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For months I’ve been hoping that the self-consciously heroic trailer for Terrence Malick’s upcoming The New World has been a colossal red herring. Now, I’m thrilled that that seems to the be the case. First, Fox’s Roger Friedman called the film “Pocahontas on acid,” and now comes Robbie Freeling at the Reverse Shot blog:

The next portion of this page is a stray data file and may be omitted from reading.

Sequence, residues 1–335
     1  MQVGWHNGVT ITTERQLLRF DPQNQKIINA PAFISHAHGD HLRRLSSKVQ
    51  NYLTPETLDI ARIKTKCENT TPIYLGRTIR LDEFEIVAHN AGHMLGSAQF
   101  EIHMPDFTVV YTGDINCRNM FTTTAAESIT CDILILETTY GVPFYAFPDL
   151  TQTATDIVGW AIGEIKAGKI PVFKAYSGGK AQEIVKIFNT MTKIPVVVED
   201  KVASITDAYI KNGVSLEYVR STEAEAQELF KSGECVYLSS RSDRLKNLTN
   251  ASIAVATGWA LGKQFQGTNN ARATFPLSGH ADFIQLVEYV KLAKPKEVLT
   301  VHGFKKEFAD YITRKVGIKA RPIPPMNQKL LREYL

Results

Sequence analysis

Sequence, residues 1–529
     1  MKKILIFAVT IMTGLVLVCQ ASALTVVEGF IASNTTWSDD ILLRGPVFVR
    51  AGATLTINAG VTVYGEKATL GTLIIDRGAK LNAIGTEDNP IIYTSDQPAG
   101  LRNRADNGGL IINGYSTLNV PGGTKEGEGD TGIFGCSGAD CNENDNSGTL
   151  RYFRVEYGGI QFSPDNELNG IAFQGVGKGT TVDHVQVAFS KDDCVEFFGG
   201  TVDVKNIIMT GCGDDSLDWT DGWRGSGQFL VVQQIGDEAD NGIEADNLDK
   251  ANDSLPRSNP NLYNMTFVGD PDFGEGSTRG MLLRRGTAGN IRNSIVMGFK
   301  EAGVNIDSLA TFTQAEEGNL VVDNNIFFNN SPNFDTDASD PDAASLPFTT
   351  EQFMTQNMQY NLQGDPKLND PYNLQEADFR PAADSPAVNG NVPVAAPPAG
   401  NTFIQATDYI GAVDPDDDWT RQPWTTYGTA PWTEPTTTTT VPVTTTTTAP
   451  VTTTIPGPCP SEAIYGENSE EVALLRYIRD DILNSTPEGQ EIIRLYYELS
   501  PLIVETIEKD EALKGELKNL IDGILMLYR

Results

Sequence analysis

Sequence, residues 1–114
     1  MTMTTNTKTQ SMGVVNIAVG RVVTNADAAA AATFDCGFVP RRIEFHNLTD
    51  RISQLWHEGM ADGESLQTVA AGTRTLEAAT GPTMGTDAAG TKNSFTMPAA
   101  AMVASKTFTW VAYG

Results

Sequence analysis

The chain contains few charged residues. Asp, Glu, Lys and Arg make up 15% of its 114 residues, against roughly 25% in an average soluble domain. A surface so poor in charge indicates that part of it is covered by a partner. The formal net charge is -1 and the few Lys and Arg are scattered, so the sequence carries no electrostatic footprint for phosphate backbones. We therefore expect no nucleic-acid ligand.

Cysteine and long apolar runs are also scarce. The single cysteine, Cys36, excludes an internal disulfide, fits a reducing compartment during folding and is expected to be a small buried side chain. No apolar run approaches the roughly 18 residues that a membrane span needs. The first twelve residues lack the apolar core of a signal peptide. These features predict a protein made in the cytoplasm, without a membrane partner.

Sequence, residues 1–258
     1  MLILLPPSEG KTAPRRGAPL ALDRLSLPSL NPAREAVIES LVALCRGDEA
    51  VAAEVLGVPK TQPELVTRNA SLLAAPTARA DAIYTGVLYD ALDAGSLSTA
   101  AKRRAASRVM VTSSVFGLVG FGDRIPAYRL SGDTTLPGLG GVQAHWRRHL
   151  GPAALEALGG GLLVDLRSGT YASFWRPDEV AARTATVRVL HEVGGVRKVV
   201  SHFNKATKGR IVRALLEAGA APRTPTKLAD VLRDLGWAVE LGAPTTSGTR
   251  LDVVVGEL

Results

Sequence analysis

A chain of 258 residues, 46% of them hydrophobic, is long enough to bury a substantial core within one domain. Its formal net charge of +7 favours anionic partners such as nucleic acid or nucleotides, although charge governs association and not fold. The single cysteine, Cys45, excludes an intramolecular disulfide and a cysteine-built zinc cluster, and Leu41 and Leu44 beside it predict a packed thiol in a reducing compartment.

“Then again, this is still a Malick film, as challenging as ever in its ambitions, even while perhaps functioning as his most accessible narrative. Less historical revisionism than resolutely personal, transcendentalist tone poem (not much of a surprise there), Malick’s fourth picture is adorned with almost nonstop natural beauty, inventive cutting that invites disorienting chronological leaps, and a career-best score by James Horner that swells like the opening strains of a grand symphony that never quite gets started. The New World is technically at least, most like The Thin Red Line, and therefore will not likely be met with across-the-map huzzahs and certain commercial success. Yet I can say without qualm at this early stage, that it’s doubtful there will be a more gorgeous Hollywood film for a good long while — at least until the next Malick movie comes out (circa 2015, if we’re lucky).”

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